DPP: Part 3: Assignment 3 ? Monochrome ? Follow-up Reading, Part 1
July 13, 2014
In the feedback I received from my tutor on assignment three, I got a fairly extensive list of suggested reading and viewing. I’ve been taking a look at some of the items on there, and thought I’d put down some initial thoughts and summaries.
There are three photographers I’ve looked at – representing a spectrum of how photography represents the subject; moving from documentary, to staged “realistic” shots right through to highly manipulated “melodramatic” images. Within my images the “documentary” style images have been staged – with the “read no tweets” image being an even more deliberate creation.
First off were a couple of pieces on Martin Parr – a contemporary documentary photographer, who’s work has divided opinions on what it means ethically. Firstly, there was this essay by Gerry Badger – who has worked with Parr in the past, and this street photography blog post by Eric Kim.
Martin Parr’s work has been seen as confrontational; as critical – framing in an unpleasant light (figurative, not literal!) – the subjects within. I tend to agree with what Gerry Badger’s said – in that I don’t find this to be the case. Looking at his images there is a sense of humour in there, but it isn’t “nasty”. I read this blog post by Parr on Argentina’s Mar Del Plata beach and I’m even more convinced he regards the subject, location and atmosphere in a favourable light. Perhaps, as Badger suggested, people are projecting their own prejudices on to Parr’s work.
Looking at Parr’s work one image really stood out as a shot that really amused me – it’s of people lined up to take the clichéd shot of them holding up the leaning tower of Pisa (the second shot on this page). The fact that most know exactly what they’re doing, with the ridiculousness of it when shot from another perspective, really illustrates Parr’s humour – it’s critical but not unpleasant and first-and-foremost it’s funny.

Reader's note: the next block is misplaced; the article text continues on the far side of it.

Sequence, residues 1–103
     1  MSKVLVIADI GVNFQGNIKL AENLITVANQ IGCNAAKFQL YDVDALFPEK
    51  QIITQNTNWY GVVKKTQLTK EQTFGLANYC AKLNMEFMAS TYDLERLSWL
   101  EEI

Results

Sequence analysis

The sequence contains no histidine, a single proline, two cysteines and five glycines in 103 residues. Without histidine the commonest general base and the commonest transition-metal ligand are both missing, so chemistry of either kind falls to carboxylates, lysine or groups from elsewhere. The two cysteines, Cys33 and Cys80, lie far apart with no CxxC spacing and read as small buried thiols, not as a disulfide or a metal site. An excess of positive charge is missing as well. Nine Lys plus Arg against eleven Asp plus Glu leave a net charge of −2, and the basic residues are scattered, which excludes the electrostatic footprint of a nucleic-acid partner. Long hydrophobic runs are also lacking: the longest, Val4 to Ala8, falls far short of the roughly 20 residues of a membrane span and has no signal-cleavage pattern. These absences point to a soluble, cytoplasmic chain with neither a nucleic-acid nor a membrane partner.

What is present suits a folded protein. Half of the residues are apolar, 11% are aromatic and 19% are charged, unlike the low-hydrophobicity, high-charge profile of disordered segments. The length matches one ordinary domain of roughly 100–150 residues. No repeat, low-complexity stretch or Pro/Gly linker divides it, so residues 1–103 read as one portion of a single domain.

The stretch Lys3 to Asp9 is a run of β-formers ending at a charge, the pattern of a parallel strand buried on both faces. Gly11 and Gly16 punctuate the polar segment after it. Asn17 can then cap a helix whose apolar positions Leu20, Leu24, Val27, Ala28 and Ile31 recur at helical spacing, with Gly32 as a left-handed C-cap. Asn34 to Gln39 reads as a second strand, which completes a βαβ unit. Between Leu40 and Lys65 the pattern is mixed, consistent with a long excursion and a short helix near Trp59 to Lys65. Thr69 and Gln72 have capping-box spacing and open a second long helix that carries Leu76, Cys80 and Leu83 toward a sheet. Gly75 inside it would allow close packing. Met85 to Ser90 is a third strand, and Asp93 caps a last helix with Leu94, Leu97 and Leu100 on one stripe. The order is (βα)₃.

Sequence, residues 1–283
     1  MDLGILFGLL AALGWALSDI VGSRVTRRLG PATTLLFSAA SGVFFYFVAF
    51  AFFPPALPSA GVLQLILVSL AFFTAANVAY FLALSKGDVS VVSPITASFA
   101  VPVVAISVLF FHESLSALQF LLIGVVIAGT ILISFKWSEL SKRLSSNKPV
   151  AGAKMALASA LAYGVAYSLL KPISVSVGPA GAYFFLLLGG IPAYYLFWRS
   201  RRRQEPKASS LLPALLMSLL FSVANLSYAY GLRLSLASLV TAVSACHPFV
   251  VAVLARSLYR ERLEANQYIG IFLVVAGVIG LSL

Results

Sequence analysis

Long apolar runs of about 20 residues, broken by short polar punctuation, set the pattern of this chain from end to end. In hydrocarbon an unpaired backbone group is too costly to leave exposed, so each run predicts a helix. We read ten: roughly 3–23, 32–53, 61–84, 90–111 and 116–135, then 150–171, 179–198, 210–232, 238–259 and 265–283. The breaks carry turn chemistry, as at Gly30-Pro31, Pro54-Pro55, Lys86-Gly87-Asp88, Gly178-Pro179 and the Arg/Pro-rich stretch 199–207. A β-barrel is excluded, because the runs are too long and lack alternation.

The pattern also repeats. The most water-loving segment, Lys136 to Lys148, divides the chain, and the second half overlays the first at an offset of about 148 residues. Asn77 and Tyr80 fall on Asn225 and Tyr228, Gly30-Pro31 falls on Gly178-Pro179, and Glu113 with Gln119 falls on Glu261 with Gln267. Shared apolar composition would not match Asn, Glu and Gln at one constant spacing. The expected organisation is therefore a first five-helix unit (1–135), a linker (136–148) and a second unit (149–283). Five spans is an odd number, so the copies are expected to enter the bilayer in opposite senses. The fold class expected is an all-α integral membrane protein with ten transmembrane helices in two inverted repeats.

Philip-Lorca Di Corcia
Lorca Di Corcia’s work is essentially setting up and manipulating shots, but in a “documentary” style. Most, but not all, appear far too “clean” and cinematic to be pure “documentary” photography, taken “in the moment” – but there’s still a sense of realism to them.
In the YouTube video I watched, Lorca Di Corcia’s central theme is the idea that what we see on the outside of a person isn’t who they are – “life is a performance” – and he’s essentially playing on that theme with his images to create representations of archetypes.
Photography is often seen as representing “truth” – but Lorca Di Corcia challenges that in two ways – by manipulating the subjects and highlighting that the outward appearance doesn’t represent the inner-truth of a person.
Crewdson goes another step beyond the staging of Lorca Di Corcia. I’ve downloaded the documentary on him which I’ll watch in the future. In the meantime I’ve watched this preview on Vimeo and this goes into a very artistic creation of the image – from sets, actors and post-production. The final result is more like a photorealistic painting or the results of a block-buster film. It’s obviously staged, but it still aims to represent “life”. There’s a bit more on him here and I may post more once I’ve watched the documentary.